2. Secrets always get told to Mommy and Daddy. Surprises are fun things that everyone learns about eventually. Birthday presents and fun stuff should be called surprises. Surprises are never kept a secret…they may have to wait to be told to the person getting the surprise…but they are NOT secrets and will be told soon. The reason for this is because children who are being abused may be told by the perpetrator (perhaps a neighbor or family friend or even the uncle or spouse of mom or dad) that they have to keep what is happening a secret. This may even be followed up with a threat. “If you tell your mom or dad, I’ll hurt them or your little sister or your dog” or “If you tell your Mom or Dad about this, they are going to be SO mad at you.” Children need to know that if they are EVER threatened or told to keep a secret…they need to tell you about it right away no matter what. Even if they are worried about the threat…they need to tell you. This will also be helpful if your child is ever the target of bullying.
3. When you dump milk all over the table…I’m going to remain calm. Let’s face it…kids are messy, they can cause havoc and can make even the best, most peaceful parent extremely angry sometimes. BUT, if you scream at your child when they mess up or tell them that they are worthless (which to me is psychological abuse and shouldn’t happen anyway) they may not come tell you if someone is sexually abusing them and causing them shame. They are going to worry that you are going to get mad at them. Because I guarantee you that the person that is abusing them is going to make them think that way. You have to make sure that your child knows that no matter what…you have his or her back. And that starts with not screaming at them when they mess up. If my kids come to me and say “Mommy…I accidentally drew on the wall” (true story)…I take a deep breath…and use a calm voice. You can still talk about your expectations. If it truly was an accident…then they learn that I accept them as imperfect people…because everyone makes mistakes. I always thank them for telling me (even when they do something on purpose) and tell them I’m proud of them for letting me know. There are still consequences, I just don’t scream at them when they tell me they screwed up.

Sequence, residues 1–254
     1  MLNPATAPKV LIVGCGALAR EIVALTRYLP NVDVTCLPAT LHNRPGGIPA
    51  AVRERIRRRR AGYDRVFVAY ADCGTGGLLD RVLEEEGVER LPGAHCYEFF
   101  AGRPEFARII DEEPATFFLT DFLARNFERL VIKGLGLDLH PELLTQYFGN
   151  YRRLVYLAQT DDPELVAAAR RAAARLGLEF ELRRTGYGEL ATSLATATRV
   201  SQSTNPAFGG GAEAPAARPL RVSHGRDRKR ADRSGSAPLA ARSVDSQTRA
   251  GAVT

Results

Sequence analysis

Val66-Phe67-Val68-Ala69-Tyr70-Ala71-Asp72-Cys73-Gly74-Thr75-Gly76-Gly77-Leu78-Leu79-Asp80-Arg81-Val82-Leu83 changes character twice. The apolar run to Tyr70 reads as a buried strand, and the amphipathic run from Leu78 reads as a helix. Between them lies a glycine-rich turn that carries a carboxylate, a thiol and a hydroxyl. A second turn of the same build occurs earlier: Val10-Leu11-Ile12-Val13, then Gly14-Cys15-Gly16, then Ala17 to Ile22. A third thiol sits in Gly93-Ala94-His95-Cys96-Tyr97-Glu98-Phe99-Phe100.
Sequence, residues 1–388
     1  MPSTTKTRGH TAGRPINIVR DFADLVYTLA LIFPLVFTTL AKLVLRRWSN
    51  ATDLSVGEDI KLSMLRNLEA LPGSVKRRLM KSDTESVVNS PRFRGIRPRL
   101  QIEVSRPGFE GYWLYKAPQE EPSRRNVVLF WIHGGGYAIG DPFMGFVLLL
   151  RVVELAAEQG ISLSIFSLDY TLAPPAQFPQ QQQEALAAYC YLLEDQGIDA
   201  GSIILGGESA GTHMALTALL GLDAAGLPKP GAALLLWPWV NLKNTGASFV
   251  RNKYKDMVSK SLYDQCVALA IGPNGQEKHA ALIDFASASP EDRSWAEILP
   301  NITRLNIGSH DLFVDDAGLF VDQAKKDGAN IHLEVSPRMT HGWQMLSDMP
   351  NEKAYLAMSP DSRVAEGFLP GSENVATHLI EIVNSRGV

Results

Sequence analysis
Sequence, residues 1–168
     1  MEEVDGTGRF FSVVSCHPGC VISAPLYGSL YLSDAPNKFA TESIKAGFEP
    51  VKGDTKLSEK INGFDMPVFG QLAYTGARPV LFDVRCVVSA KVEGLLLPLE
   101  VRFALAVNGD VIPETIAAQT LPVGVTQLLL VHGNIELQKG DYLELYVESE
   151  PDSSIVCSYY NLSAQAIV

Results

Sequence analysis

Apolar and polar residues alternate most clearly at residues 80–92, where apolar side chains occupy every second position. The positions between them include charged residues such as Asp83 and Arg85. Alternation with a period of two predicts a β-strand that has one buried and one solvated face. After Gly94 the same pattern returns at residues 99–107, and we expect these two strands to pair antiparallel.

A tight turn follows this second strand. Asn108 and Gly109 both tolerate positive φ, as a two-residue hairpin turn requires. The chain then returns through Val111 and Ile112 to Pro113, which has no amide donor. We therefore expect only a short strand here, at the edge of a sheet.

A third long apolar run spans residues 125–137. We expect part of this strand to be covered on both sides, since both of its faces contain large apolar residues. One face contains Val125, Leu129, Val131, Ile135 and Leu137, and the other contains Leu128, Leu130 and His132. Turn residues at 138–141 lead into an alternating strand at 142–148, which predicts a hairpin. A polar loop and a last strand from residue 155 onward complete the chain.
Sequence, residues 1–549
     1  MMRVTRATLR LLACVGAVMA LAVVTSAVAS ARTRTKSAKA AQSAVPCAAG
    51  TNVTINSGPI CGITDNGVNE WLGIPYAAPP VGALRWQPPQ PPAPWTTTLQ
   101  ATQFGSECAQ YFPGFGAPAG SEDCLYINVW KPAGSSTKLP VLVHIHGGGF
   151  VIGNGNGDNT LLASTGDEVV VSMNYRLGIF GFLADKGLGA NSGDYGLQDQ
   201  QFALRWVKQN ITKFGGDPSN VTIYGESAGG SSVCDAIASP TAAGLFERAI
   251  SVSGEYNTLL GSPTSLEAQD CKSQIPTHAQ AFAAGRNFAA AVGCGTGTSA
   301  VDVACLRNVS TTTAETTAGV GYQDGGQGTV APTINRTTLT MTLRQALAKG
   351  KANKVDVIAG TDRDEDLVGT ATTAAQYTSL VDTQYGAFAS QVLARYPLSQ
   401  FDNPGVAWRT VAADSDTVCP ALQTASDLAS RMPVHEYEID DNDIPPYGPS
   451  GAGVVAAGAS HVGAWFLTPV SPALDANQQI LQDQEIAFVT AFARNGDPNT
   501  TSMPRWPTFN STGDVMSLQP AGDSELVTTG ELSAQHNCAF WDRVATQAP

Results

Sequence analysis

4. Be visible wherever your child is. Babysitter’s house, daycare, soccer practice, dance class, youth group. Be there. Keep track of who is around your kids and what your child’s reaction is to those people.
5. Start early with body education. You teach your kids about body parts…teach them about ALL of them (and the anatomically correct names – penis, vagina…truly…they are words that are not going to hurt you). And as they get older, you can teach them that private parts are special and wonderful and should only be looked at and touched by Mommy, Daddy and a doctor and ONLY in order to keep them clean and healthy. You may have to add in a childcare provider for potty issues. But you could say something like “And Lisa if she needs to help you wipe your bottom after you go to the bathroom.” Make sure you aren’t shaming them about their bodies. You don’t want them to think their private parts are bad. I tell my kids that all of their body parts are special, but that their private parts are just for them to touch (unless they are sick or hurt thus the keeping them clean and healthy part from above).
I know that there are so many things to worry about in parenthood. I’m not trying to cause you more fear. But child maltreatment is a real monster in our world. We have to give our kids tools so that they will come to us if there is a problem and so that they don’t feel bad about telling someone “no”. It is one of the many things that our kids need us to teach them about. You can do it.
Disclaimer: The purpose of this blog is to raise awareness of issues that face parents in pregnancy and parenthood. This blog is not meant to replace treatment by a licensed mental health professional. The content of this blog does not constitute mental health assessment, diagnosis, treatment, support or advice. Please consult a licensed mental health practitioner if you have concern about your mental health or in the case of an emergency, contact 911. Reading this blog does not constitute a therapeutic relationship with Bronwyn Shroyer, Bronwyn Shroyer LLC or BloomingFamilies. firstname.lastname@example.org